Is Your Ambition Actually Sabotaging Your Dream?

Confidence and ambition are crucial for chasing a dream. But at a certain point, could they actually be holding you back?

We've talked many times about the importance of your team and the people you surround yourself as you reach for goals. 

It comes down to CALLING OUT GOLD. Leaders see the potential of those around them and invite them to partner in their endeavors, or encourage them to take off on an adventure of their own.

What happens when a leader fails to do this? And where does it come from? It can flesh out in many ways.

Maybe a person is incapable of asking for help. As they work on a project, they come across something they need a different perspective on, a hand in completing, or a contact to get exposure. If they're unable to ask for help in this way, then their project probably falls through, or at least, it isn't as good as it could have been.

Maybe a person is incapable of saying no. They have countless responsibilities already but they take on another and all of a sudden they're doing many things, but none of them well.

Maybe a person is unable to take criticism or direction. They could be doing something better or more effectively, but when someone tries to point this out, they shut them down. So they continue on in a less than satisfactory manner.

When written plainly, these issues seem like no-brainers. Most would say to ask for help, say no, or be teachable. But we all do this so often, some of us more than others. Why?

Pride. None of us want to be wrong. We want to be able to do something simply because we're good at it. And we want to be the best at everything!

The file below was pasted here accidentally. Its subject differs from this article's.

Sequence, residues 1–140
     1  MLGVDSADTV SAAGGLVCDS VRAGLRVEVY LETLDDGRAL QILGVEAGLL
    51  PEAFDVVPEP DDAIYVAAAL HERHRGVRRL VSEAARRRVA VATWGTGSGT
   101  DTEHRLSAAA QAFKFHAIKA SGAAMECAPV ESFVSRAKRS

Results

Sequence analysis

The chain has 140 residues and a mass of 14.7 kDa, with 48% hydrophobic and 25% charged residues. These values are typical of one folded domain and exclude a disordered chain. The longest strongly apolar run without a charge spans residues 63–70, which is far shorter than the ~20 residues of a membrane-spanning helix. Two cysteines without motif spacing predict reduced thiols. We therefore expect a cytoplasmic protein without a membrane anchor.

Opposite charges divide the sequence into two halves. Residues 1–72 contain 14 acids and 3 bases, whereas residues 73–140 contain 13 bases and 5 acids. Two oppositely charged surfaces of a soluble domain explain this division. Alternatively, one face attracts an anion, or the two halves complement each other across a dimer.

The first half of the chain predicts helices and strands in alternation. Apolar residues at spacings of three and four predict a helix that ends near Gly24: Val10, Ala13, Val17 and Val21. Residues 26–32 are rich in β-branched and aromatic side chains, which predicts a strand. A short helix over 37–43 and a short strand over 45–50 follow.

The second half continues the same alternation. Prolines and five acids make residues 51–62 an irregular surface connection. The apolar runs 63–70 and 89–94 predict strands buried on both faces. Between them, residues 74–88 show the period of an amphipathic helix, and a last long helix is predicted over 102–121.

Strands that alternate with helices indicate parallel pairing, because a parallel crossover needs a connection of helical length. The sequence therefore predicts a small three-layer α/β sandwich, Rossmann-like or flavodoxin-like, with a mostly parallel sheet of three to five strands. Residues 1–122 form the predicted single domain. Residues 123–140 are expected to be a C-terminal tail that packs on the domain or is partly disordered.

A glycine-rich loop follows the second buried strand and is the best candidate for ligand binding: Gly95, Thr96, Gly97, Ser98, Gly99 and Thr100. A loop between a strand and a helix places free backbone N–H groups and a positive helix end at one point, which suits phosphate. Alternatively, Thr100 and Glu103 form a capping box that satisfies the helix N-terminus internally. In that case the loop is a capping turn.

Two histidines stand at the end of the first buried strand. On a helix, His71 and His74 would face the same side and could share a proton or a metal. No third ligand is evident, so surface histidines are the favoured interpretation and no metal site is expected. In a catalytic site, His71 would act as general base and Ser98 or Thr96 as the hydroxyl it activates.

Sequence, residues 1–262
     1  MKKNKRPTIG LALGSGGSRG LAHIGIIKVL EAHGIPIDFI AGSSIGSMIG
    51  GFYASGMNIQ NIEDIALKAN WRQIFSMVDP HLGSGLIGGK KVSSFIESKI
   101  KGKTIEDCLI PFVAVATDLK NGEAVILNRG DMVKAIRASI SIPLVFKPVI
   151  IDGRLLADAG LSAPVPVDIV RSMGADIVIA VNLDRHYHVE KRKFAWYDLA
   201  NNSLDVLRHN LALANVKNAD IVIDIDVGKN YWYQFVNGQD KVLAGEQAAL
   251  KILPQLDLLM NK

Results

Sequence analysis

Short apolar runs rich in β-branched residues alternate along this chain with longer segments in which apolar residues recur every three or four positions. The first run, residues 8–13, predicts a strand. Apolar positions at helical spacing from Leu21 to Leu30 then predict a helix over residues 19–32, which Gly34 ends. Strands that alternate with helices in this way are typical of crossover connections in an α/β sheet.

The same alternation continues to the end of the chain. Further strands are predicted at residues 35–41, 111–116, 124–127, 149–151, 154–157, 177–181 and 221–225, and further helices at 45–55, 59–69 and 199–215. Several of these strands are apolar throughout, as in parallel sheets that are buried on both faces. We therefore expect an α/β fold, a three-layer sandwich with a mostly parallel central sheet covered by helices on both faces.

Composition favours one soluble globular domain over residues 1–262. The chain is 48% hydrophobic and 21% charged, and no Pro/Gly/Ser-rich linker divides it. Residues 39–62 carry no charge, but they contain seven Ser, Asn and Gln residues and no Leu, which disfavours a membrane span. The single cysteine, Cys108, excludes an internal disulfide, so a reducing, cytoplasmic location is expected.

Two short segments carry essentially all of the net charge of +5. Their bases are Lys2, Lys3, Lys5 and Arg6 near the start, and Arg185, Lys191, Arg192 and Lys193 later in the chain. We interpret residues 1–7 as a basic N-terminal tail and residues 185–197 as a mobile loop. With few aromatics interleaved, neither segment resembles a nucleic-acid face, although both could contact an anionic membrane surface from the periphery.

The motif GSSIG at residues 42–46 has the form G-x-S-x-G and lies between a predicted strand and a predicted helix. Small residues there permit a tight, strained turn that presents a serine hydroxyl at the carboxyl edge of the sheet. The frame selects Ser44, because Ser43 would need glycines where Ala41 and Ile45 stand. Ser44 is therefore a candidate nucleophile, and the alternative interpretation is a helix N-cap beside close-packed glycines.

These ambitions aren't inherently wrong, but the fact is, they're not reality. It's perfectly fine to strive for perfection and independence, but to live in them as reality, is destructive.

I'm not a psychologist, nor am I an expert on pride. I can't tell you what to do if you're stuck in this problem of pride. But I offer a challenge.

The thing with examining pride is it asks us to take a close look at ourselves. I'm sure you can immediately think of someone else who needs to "work on" their pride. But this isn't about someone else. This is about you.

Is your pride holding you back? Does it keep you from making connections? Does it keep you busy? Does it keep you from doing the best possible work?

Distinguishing pride and taking steps to overcome it is pretty simple, but it's hard. What can you do this week to push through it?

Maybe you ask for help on a project. Maybe you say no when project number 52 comes your way but you know you don't have time for it. Maybe you let someone give you a few pointers.

We all have our own strengths and capabilities. We simply cannot have it all. What we can do is assemble a team of people around us who can make up for that which we lack. 

First step: acknowledge pride. Second step: make purposeful choices to act against your pride. 

It'll be uncomfortable, but no one ever got stronger sipping martinis by the beach.